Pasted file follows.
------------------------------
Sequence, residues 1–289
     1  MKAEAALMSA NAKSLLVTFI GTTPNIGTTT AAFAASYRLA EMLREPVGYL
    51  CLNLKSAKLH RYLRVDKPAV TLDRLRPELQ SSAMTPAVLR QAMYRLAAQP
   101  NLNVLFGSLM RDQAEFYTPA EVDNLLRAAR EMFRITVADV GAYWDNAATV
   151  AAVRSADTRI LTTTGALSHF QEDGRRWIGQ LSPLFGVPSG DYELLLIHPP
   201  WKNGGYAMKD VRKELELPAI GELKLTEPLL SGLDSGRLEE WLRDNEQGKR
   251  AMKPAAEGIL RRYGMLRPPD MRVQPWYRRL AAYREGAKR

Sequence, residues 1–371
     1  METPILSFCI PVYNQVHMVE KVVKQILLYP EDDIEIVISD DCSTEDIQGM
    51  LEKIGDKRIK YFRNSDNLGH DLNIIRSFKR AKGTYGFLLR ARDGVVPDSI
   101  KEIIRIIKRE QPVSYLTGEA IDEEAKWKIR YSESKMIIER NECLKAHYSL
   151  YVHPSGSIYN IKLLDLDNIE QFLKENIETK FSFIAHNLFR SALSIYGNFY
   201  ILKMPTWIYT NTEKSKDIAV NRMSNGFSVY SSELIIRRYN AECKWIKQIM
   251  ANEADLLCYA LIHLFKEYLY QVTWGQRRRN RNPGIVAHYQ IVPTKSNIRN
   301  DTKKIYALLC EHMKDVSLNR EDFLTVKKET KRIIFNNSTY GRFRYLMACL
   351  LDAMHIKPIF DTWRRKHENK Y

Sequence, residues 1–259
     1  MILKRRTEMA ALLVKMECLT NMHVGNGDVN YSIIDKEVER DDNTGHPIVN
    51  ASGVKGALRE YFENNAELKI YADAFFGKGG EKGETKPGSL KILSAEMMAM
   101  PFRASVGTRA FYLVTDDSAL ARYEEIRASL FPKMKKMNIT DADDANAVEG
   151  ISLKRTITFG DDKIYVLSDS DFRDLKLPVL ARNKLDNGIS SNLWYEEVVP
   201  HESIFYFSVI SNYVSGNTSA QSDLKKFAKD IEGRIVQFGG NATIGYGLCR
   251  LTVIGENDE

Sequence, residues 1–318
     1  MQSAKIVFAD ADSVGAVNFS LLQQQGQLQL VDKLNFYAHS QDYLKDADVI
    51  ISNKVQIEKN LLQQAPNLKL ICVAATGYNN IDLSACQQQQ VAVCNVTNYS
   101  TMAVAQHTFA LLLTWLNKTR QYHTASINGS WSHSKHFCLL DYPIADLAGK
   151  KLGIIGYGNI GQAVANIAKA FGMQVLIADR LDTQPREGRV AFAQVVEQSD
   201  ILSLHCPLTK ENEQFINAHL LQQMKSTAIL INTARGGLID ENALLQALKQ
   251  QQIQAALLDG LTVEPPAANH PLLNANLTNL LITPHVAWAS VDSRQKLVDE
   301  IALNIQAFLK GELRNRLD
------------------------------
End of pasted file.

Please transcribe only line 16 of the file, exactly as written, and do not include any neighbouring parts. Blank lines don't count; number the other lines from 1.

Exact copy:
   351  LDAMHIKPIF DTWRRKHENK Y